FF7Disc1/magic/tupon1.lzs - fbd9bd6ca8089d13
FF7Disc1/magic/vaha0_5.lzs - fbd9bd6ca8089d13
FF7Disc2/magic/tupon1.lzs - fbd9bd6ca8089d13
FF7Disc2/magic/vaha0_5.lzs - fbd9bd6ca8089d13
FF7Disc3/magic/tupon1.lzs - fbd9bd6ca8089d13
FF7Disc3/magic/vaha0_5.lzs - fbd9bd6ca8089d13

I don’t have an explanation for these renamed files, but they’re quite frequent and I think it’s well worth loading up your discs and taking a look at all the repeated files if you’re interested in the game development that went into this duplication as there is a ton of it.

So about those video files

Motion jpeg is a horribly inefficient video codec. As I was unable to get a playstation video converter working I had to think about this by proxy. I found some old low resolution video and encoded it to both mpeg1 and motion jpeg. Looking over a large selection of video I found that the mpeg1 video was about 65% the size of the motion jpeg. The implication here being that if all the video files in FF7 could be encoded in mpeg1 the total file size would drop to about 566MB.

So how big is Final Fantasy 7?

Well if you discount the video files and just look at the unique game files then FF7 is 297MB, but even with all the unique files the game looks like it could have easily fit into two discs. If history had taken a different path and mpeg1 support had been baked into the system the total game size would have been about 863MB. A two disc game. Even without a better video codec the game would could have fit on two discs with 152MB to spare. So why was FF7 a three disc game? No idea. I started this article with the thought that I could point and laugh at an old game system about how bad the video codecs were, but that doesn’t seem to even be a problem. The game itself seems like it could have been a two disc game without much work. My best guess is that the 2MB of ram in the playstation required swapping assets constantly and the slow disc drive lead to duplicate files to reduce latency. I think that had there been a better video codec or a faster disc drive we would have seen a two disc FF7. Had there been a few cuts this could have even been a single disc game.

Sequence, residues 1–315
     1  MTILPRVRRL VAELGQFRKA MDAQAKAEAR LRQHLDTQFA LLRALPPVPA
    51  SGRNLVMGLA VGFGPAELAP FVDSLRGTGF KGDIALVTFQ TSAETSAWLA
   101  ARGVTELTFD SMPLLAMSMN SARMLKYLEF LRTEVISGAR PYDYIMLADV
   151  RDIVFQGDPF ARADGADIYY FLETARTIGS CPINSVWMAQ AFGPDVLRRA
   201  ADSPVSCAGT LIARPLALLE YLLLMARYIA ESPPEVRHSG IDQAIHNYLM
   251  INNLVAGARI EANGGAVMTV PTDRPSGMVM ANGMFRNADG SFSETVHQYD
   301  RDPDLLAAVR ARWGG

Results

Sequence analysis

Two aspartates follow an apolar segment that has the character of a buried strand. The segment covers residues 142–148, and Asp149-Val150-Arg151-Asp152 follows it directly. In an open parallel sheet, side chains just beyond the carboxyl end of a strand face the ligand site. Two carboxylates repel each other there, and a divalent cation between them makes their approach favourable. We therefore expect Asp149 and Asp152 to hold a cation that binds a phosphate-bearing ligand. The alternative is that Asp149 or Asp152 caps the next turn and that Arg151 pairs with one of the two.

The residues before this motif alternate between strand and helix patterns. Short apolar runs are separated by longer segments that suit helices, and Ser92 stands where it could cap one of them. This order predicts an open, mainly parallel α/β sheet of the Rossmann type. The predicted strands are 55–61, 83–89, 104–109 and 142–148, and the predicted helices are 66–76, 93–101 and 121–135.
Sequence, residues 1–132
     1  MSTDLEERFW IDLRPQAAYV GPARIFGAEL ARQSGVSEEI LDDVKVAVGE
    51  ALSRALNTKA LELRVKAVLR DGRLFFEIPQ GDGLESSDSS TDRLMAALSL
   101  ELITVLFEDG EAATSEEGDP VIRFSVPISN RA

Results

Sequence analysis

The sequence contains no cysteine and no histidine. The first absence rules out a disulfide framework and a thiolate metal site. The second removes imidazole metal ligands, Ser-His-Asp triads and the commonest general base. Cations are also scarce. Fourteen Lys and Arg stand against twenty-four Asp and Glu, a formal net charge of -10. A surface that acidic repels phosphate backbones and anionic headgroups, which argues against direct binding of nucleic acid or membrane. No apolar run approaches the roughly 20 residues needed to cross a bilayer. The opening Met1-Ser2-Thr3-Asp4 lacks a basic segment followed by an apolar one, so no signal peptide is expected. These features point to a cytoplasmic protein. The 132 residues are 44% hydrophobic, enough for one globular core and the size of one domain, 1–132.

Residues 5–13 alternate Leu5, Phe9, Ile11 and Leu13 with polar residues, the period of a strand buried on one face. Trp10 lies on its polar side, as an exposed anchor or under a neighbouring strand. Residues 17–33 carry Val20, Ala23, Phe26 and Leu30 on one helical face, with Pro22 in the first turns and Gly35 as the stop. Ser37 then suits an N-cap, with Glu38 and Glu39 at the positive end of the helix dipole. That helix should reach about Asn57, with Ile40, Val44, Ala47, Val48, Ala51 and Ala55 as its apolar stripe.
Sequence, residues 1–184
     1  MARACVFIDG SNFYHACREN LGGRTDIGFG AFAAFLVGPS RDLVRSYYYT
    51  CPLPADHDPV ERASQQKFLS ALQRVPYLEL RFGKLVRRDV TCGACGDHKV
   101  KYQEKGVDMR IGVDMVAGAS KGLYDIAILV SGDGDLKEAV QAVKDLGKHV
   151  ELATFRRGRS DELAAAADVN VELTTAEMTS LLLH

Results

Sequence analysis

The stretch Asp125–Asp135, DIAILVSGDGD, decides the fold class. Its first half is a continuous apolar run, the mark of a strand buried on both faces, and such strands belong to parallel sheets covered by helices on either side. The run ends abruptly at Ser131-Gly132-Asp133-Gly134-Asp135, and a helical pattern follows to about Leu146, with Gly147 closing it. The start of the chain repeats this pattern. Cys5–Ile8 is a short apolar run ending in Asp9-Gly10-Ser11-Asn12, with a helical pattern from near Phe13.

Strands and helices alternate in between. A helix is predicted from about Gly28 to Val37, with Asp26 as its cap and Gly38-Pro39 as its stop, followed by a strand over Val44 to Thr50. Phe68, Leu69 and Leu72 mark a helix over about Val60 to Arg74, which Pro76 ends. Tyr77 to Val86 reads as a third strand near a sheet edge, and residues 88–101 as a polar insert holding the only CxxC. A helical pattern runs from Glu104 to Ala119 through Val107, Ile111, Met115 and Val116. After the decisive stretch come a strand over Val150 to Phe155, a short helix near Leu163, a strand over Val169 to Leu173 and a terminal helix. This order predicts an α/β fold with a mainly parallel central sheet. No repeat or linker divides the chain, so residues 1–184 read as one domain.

I have a few additional thoughts as well

  • Duplicate files may have been necessary for the game to play smoothly due to slow CD speeds and/or low ram capacity
  • Implementing an mpeg decoder in software may not have been feasible on the playstation CPU and even if it were the cost of developing such a decoder would probably have been larger than the cost of an extra CD in manufacture.
  • 3 Discs may have just been for the wow factor
Thanks for reading